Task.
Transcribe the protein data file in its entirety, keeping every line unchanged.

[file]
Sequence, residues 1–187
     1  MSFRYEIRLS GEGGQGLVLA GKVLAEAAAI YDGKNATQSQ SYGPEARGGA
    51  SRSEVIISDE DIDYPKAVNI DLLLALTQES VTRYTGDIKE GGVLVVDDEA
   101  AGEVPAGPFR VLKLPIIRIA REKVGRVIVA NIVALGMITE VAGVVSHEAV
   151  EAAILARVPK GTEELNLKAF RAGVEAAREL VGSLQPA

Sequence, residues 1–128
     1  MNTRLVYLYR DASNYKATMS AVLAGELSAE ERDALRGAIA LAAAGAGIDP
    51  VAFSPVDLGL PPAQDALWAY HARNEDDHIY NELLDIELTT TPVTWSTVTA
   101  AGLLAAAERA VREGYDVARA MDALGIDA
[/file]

Sequence, residues 1–187
     1  MSFRYEIRLS GEGGQGLVLA GKVLAEAAAI YDGKNATQSQ SYGPEARGGA
    51  SRSEVIISDE DIDYPKAVNI DLLLALTQES VTRYTGDIKE GGVLVVDDEA
   101  AGEVPAGPFR VLKLPIIRIA REKVGRVIVA NIVALGMITE VAGVVSHEAV
   151  EAAILARVPK GTEELNLKAF RAGVEAAREL VGSLQPA

Sequence, residues 1–128
     1  MNTRLVYLYR DASNYKATMS AVLAGELSAE ERDALRGAIA LAAAGAGIDP
    51  VAFSPVDLGL PPAQDALWAY HARNEDDHIY NELLDIELTT TPVTWSTVTA
   101  AGLLAAAERA VREGYDVARA MDALGIDA